Lomé (Agenzia Fides) - "The population is asking for one thing: an alternative. That is because the reality in Togo has been the same for 50 years, the same name, the same family. The people therefore only ask this: give us an alternative to see if this works. I do not think this is an excessive request", says Fr. Elias Sindjalim, a Comboni Togolese missionary working in the Democratic Republic of Congo, in an interview with Agenzia Fides.
Current President Faure Essozimna Gnassingbé has been in power since 2005, after succeeding his father Étienne Eyadéma Gnassingbé, who died in that year and had taken power in 1967 with a military coup. Since August, the opposition and civil society have been demonstrating peacefully asking for the resignation of Faure Gnassingbé, who is trying to find constitutional alchemies to remain in power for at least another 10 years.
In September the Bishops had supported popular demands by seeking to re-establish the limit of two presidential mandates established by the 1992 Constitution (see Fides 18/9/2017).
"The Church was clear: the Bishops' Conference of Togo clearly stated that what the people ask is a legitimate request that needs to be welcomed", comments Fr. Elias. The Comboni says he feels hopeful because "when people take destiny in their hands there is hope. The fight may be long, but the victory will be ours. I would like to emphasize that the popular protest is peaceful".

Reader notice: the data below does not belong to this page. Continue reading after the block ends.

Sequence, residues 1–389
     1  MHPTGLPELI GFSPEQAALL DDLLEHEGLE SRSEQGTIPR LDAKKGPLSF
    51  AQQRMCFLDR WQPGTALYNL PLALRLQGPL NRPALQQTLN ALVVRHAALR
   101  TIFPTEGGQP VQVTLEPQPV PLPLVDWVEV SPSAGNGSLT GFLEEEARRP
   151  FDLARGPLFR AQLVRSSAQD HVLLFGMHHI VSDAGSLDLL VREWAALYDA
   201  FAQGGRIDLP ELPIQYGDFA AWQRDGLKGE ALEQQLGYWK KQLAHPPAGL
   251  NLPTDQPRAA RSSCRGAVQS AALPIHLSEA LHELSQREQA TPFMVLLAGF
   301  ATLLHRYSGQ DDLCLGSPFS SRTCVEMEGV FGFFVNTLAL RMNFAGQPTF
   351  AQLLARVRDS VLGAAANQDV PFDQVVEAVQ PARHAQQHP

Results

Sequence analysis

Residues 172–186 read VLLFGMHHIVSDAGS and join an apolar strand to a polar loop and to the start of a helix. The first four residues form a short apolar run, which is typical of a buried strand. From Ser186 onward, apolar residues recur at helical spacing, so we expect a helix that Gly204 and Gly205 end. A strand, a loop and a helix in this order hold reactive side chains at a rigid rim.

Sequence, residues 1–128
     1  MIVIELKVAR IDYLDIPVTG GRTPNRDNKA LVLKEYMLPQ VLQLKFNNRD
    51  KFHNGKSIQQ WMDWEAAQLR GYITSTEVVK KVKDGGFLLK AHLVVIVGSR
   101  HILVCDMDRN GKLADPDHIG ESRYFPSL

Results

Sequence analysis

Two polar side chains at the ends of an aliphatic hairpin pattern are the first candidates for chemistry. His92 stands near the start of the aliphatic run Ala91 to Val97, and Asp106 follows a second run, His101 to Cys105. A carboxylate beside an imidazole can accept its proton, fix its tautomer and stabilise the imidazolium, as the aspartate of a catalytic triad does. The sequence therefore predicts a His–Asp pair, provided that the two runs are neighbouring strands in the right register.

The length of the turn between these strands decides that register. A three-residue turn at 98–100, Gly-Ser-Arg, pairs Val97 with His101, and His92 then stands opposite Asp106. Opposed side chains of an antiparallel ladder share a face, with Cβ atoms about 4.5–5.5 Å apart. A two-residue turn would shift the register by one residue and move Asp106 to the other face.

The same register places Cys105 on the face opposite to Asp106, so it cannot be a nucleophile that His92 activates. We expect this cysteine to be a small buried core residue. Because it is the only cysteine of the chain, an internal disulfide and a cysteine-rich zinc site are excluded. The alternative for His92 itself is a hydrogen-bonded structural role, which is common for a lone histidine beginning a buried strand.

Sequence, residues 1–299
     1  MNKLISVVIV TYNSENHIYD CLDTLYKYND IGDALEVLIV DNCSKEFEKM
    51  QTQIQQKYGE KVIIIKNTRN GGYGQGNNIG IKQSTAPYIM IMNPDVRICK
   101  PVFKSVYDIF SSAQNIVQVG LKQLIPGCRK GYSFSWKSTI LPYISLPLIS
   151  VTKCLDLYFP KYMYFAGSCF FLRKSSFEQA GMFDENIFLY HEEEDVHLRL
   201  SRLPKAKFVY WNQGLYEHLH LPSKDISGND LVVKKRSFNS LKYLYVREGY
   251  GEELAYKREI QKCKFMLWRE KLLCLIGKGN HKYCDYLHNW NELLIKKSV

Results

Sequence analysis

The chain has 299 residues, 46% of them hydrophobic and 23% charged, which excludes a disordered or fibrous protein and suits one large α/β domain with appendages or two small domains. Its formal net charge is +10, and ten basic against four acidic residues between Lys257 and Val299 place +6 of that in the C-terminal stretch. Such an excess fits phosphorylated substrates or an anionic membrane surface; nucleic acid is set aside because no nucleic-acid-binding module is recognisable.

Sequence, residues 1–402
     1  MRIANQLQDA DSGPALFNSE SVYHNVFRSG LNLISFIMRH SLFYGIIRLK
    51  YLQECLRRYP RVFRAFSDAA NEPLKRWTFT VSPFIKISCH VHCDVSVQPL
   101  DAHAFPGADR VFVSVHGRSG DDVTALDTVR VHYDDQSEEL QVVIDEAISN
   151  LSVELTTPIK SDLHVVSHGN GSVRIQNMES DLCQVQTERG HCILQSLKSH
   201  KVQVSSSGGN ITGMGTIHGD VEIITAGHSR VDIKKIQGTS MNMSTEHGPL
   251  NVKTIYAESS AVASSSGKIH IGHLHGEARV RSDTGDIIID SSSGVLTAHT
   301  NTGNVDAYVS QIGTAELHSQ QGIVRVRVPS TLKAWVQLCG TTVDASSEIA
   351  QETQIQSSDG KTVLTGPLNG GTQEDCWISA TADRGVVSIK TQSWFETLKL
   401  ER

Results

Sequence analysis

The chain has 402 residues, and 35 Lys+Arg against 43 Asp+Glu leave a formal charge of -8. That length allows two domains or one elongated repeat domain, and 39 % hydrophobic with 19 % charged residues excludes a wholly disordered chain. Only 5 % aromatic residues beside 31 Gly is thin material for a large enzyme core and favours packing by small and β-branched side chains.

"The government has proposed to open dialogue", continues the missionary. "Civil society agrees to dialogue but remembers that there have already been so many negotiations that have led to nothing and now popular pressure continues to push so that this time we get real results and obtain a real change".
The Democratic Republic of Congo is also experiencing a similar situation. President Josesph Kabila's second and last mandate expired on December 20, 2016, but he is still in power. Presidential election pressures were set for December 23, 2018.
We ask Fr. Elias if there are similarities between the situation in Togo and the DRC.
"Togo and the Democratic Republic of Congo have different stories, but both tell us that the common destiny of African peoples is to take their destiny in their hands", the missionary replies. I think no one will come from outside Africa to give us what we are looking for. And that is what the Congolese and Togolese people are saying: let us take destiny in our hands; do not leave us prisoners in this situation", he concludes. (L.M.) (Agenzia Fides, 16/11/2017)